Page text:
For years, under Head Coach Jimmye Laycock, the William and Mary football team had been known for one thing: offense. Prolific, in your face, run-and-gun offense. But with the introduction of defensive coordinator Bob Shoop three seasons ago, the culture around Zable Stadium began to change, and the Tribe’s transformation into a defense-first squad was cemented during the team’s 38-0 shut out victory over Weber State in the first round of the FCS playoffs Sunday.
“I thought throughout the whole game we played very well defensively,” Laycock said Monday. “I thought we had some fine efforts defensively — Adrian Tracy, Sean Lissemore, Jake Trantin, B.W. Webb — a lot of those guys played very, very well. The story of the game probably was our play defensively.”
Probably? Try definitely.
The first five offensive possessions resulted in three three-and-outs and just three first downs for the Tribe. During that stretch, Weber State took an early advantage in the field position battle, attempting but missing two long field goals.
It wasn’t until Trantin’s interception return for a touchdown six minutes into the second quarter that the game swung permanently in the Tribe’s favor. Trantin’s pick came on first down at the Tribe’s own 38-yard line as Weber State moved the ball downfield.
The pick was just one of three game-changing plays by the Tribe defense in the first half.
The second, which received as much fanfare as Trantin’s score, was Webb’s own pick six. That interception came with only 12 seconds remaining in the first half and Weber State seemingly poised to attempt another long field goal to cut into what was a 10-point Tribe advantage. Webb’s score gave the Tribe a 17-0 halftime lead, and the team didn’t look back after that.
Yet, the most vital play by the defense may have preceded both of the touchdowns. It won’t show up in the box score either, but without it those two defensive scores and the Tribe shutout might never have occurred.
In the first quarter, Weber State lined up to attempt a 50-yard field goal with tight end Tyrell Francisco hiding in play near the Weber State sideline. Francisco was completely unguarded at first and could have moonwalked into the end zone had the ball been snapped and thrown to him. But right before that could happen, senior safety Robert Livingston noticed and sprinted to cover him. The Wildcats were forced to attempt the long kick, and it sailed wide left.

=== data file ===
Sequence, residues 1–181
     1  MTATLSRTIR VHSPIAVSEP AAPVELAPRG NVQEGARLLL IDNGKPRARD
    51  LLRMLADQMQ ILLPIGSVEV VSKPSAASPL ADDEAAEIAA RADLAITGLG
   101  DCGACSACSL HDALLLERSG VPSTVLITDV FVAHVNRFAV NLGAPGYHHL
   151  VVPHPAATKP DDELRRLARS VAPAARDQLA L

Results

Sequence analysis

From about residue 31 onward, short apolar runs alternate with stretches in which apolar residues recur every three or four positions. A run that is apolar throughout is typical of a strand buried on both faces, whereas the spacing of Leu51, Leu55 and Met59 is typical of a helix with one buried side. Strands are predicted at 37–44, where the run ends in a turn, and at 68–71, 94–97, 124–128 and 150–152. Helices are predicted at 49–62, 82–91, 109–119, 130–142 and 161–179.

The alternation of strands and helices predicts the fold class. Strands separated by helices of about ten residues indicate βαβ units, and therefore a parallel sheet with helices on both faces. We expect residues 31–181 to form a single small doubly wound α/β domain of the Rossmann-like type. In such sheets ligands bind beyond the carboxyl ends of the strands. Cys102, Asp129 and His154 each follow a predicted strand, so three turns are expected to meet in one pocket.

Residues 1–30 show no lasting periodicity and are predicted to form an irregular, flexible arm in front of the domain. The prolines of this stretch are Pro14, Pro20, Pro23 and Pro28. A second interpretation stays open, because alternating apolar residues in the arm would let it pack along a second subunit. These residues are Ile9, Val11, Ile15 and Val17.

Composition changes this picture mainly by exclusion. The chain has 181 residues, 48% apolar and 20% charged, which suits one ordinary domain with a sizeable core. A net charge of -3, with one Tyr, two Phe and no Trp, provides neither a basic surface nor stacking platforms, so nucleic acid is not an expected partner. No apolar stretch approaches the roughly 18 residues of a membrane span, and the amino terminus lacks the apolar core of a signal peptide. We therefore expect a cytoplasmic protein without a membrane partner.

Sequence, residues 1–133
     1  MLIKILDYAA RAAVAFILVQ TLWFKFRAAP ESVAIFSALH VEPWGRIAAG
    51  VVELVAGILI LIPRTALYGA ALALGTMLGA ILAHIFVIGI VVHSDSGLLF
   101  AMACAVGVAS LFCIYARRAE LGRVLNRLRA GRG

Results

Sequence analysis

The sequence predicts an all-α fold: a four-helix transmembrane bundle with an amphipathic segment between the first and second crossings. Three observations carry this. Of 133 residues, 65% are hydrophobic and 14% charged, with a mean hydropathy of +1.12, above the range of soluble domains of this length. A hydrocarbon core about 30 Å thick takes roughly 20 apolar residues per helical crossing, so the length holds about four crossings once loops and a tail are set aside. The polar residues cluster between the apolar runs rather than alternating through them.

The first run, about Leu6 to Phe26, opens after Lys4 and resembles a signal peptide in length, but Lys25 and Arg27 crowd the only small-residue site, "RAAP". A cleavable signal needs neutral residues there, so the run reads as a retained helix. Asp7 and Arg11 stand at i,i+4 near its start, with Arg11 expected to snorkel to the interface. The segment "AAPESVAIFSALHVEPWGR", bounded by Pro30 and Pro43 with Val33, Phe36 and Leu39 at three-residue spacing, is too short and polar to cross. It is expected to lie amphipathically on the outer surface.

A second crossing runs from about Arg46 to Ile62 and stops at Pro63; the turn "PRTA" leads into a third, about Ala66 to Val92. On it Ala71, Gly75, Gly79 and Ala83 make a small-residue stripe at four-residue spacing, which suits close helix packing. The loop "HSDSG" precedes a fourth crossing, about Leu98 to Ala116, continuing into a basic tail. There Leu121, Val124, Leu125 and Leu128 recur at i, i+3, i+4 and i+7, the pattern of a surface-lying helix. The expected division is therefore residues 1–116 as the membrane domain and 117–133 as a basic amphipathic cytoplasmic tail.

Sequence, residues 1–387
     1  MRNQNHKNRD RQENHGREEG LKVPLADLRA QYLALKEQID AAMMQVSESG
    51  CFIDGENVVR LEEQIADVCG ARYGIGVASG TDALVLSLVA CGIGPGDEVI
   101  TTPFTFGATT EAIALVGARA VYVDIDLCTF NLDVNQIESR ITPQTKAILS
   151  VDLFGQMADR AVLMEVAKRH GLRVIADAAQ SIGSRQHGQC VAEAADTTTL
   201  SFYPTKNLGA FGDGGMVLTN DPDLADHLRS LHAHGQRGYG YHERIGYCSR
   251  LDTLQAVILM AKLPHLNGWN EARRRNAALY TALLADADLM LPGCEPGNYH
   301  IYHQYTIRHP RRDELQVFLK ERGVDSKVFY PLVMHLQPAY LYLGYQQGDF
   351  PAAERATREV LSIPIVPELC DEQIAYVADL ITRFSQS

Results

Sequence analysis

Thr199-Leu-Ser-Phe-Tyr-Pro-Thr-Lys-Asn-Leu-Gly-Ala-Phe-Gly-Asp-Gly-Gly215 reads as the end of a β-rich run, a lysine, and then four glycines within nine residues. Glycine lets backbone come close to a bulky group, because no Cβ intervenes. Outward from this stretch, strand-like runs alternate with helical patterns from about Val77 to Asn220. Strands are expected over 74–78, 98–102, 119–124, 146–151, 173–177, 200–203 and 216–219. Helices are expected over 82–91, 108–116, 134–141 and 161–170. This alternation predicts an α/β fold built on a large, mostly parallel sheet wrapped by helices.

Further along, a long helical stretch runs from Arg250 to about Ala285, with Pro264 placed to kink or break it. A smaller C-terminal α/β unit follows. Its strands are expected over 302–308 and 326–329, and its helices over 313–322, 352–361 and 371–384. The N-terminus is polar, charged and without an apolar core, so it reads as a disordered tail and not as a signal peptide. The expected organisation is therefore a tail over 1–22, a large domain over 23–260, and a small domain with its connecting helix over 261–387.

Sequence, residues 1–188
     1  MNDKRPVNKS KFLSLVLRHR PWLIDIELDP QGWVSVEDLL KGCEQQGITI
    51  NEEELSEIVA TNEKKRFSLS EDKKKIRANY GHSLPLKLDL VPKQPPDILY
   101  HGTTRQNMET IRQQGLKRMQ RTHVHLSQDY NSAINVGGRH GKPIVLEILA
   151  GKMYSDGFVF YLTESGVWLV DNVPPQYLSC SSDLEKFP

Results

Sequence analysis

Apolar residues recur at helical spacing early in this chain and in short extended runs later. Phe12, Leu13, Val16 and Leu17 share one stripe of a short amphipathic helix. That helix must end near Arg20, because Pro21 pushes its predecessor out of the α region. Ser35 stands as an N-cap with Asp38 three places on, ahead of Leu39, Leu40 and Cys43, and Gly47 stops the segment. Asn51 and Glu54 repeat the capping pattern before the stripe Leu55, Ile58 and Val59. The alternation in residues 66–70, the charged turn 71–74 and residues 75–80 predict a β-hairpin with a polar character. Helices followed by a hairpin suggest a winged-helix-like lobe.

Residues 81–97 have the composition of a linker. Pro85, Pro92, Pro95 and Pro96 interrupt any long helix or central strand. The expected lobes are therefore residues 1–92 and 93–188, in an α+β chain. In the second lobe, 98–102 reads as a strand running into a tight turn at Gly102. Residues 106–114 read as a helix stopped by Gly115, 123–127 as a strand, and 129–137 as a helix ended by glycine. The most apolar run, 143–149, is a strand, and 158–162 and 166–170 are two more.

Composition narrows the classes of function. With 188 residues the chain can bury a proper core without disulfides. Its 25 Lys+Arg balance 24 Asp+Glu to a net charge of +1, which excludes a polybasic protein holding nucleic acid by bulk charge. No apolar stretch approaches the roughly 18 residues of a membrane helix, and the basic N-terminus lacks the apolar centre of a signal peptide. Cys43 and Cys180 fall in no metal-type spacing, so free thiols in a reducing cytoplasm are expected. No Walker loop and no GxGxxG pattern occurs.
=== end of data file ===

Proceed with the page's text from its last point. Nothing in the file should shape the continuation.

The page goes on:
In retrospect, that may have been one of the biggest non-plays of the Tribe’s season. An easy touchdown for Weber State could have ignited the Wildcats’ potent offense, and been a significant setback to the Tribe’s defensive unit. At that point in the game, the Tribe’s offense had been struggling to find its rhythm as well.
Trick play or not, when the dust settled, it was a dominating performance by the Tribe defense. Weber State entered the contest averaging over 30 points and 420 yards per game. The Wildcats hadn’t been shut out since September 2006. An opportunistic defense and suffocating defensive line changed that.
The Wildcats managed just 161 yards of total offense. The team was held to minus-six net rushing yards on 18 attempts and amassed only nine first downs compared to the Tribe’s 23. Weber State also committed five turnovers, four of which were interceptions, against none from the Tribe.
Next week against Southern Illinois could be a different story. The Salukis have a nation-leading 22 interceptions, and the team is no stranger to the pressure of the playoffs, having reached post-season play in the last six years. The Tribe hasn’t sniffed the post-season since a run to the national semi-finals in 2004.
The game will be played in Carbondale, Ill., where the Salukis are 18-2 over the last three seasons. The one positive for the Tribe: those two losses were both season-ending defeats in the FCS playoffs.
The Tribe will look to its defense to help continue that trend Saturday. The game is slated for a noon kickoff.